Is there any standard way to sort a disk file?

Discussion in 'C++' started by Peter Olcott, Jul 19, 2006.

  1. Peter Olcott

    Peter Olcott Guest

    I have used the standard template library quite a bit, and std::sort has been
    very useful. Now I have reached the point where my memory requirements are
    exceeded. Is there some standard way to sort a binary file with a specifically
    defined structure?

    The only thing that I could think of would be to std::sort portions of this file
    in memory, and then later manually merge these sorted portions together using a
    home brewed merge sort . Does anyone have any better ideas?
    Peter Olcott, Jul 19, 2006
    #1
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  2. * Peter Olcott:
    > [bad cross-posting]


    Please don't cross-post to [clc++] and Microsoft-specific groups.


    > I have used the standard template library quite a bit, and std::sort has been
    > very useful. Now I have reached the point where my memory requirements are
    > exceeded. Is there some standard way to sort a binary file with a specifically
    > defined structure?


    Yes, COBOL does that.

    That does not mean you should cross-post to [clc++] and [comp.lang.cobol].


    > The only thing that I could think of would be to std::sort portions of this file
    > in memory, and then later manually merge these sorted portions together using a
    > home brewed merge sort . Does anyone have any better ideas?


    Follow-ups set to the two Microsoft groups.

    --
    A: Because it messes up the order in which people normally read text.
    Q: Why is it such a bad thing?
    A: Top-posting.
    Q: What is the most annoying thing on usenet and in e-mail?
    Alf P. Steinbach, Jul 19, 2006
    #2
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  3. Peter Olcott schrieb:
    > I have used the standard template library quite a bit, and std::sort has been
    > very useful. Now I have reached the point where my memory requirements are
    > exceeded. Is there some standard way to sort a binary file with a specifically
    > defined structure?


    Load the key and some index as pair into memory and sort it by key.

    After that, you can build a new file from the old file in the right
    order using the index.

    --
    Thomas
    Thomas J. Gritzan, Jul 19, 2006
    #3
  4. On Wed, 19 Jul 2006 11:42:02 -0500, "Peter Olcott" <>
    wrote:
    >I have used the standard template library quite a bit, and std::sort has been
    >very useful. Now I have reached the point where my memory requirements are
    >exceeded. Is there some standard way to sort a binary file with a specifically
    >defined structure?


    http://www.informatik.hs-bremen.de/~brey/stlbe.html

    Chapter 10 'External sorting' may be helpful.

    Best wishes,
    Roland Pibinger
    Roland Pibinger, Jul 19, 2006
    #4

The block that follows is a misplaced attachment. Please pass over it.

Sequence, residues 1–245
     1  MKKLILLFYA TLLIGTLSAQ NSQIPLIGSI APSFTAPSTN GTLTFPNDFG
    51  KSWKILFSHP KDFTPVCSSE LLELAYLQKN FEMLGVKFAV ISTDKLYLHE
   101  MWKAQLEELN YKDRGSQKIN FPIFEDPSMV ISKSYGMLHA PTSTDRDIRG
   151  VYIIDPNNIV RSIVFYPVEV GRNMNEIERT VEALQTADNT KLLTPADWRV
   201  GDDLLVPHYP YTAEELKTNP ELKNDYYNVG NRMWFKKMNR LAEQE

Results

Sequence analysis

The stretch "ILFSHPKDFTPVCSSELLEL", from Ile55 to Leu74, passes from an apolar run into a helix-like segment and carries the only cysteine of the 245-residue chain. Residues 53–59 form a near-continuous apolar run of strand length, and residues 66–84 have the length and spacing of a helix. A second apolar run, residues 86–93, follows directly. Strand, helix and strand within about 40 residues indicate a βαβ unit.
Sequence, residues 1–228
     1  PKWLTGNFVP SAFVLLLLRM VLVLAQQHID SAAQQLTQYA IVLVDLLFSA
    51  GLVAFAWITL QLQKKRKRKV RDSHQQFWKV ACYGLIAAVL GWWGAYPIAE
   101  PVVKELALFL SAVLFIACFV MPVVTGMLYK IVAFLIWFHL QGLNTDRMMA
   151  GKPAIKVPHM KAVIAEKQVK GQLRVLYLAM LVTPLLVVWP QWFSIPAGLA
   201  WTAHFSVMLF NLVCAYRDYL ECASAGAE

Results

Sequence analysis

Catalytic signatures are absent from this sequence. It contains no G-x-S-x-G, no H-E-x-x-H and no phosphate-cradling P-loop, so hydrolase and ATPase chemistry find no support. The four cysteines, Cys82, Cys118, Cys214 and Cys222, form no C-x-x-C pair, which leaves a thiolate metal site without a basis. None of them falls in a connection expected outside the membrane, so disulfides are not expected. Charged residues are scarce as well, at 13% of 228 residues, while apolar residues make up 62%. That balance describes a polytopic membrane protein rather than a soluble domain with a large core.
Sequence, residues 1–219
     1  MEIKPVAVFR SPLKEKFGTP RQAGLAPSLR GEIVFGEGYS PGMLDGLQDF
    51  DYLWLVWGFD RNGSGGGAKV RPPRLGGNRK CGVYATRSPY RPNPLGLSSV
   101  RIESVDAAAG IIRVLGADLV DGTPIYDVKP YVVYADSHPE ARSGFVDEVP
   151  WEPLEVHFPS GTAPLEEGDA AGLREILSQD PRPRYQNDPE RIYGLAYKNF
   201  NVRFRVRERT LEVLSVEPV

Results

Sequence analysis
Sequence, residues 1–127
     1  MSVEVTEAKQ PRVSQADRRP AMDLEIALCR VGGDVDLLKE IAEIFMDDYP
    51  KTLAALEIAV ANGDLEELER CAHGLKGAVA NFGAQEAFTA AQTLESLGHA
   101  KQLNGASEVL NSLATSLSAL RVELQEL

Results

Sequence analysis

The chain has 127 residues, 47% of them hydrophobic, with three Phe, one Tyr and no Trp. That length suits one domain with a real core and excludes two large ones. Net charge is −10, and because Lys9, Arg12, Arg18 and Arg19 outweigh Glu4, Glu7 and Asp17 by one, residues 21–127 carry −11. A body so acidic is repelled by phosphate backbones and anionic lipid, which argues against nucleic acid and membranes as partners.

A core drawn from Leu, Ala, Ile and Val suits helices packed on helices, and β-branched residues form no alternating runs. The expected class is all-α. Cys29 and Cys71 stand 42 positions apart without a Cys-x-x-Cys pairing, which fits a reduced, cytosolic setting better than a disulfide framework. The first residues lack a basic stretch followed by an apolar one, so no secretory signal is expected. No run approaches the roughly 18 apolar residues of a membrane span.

5. Peter Olcott

    Peter Olcott Guest

    "Thomas J. Gritzan" <> wrote in message
    news:e9lou0$a0u$...
    > Peter Olcott schrieb:
    >> I have used the standard template library quite a bit, and std::sort has been
    >> very useful. Now I have reached the point where my memory requirements are
    >> exceeded. Is there some standard way to sort a binary file with a
    >> specifically
    >> defined structure?

    >
    > Load the key and some index as pair into memory and sort it by key.
    >
    > After that, you can build a new file from the old file in the right
    > order using the index.
    >
    > --
    > Thomas


    That won't work in my case because all the data is used as the key.
    Peter Olcott, Jul 19, 2006
    #5
  6. Peter Olcott

    Jerry Coffin Guest

    In article <rhtvg.272$5H.39@dukeread06>, says...
    > I have used the standard template library quite a bit, and std::sort has been
    > very useful. Now I have reached the point where my memory requirements are
    > exceeded. Is there some standard way to sort a binary file with a specifically
    > defined structure?
    >
    > The only thing that I could think of would be to std::sort portions of this file
    > in memory, and then later manually merge these sorted portions together using a
    > home brewed merge sort . Does anyone have any better ideas?


    Yup, that seems pretty much correct. A few points: first of all,
    std::merge may simplify writing the merge portion of the sort. It'll
    handle most of the details of an individual merge run, so from there
    it's mostly a matter of deciding what merge pattern you want.
    Traditionally, the polyphase merge was generally considered the best,
    but I can't say I've done any recent testing to see how well it does
    for hard-drive based sorting. My immediate reaction is that it'll
    probably do quite well, but may not improve efficiency enough to be
    worth the trouble.

    To create your sorted runs, you're probably better off using a
    priority_queue than reading data into something like a vector,
    sorting it, and then writing it out. In particular, a priority_queue
    will typically allow you to create longer runs in your initial sorted
    files -- as you write out each record, you can read in another from
    the original input. As long as it doesn't precede those that have
    already been written out, you can add it to the priority queue, and
    from there it'll end up in the same file. On average this can nearly
    double the length of the initial runs, which generally helps quite a
    bit.

    --
    Later,
    Jerry.

    The universe is a figment of its own imagination.
    Jerry Coffin, Jul 20, 2006
    #6
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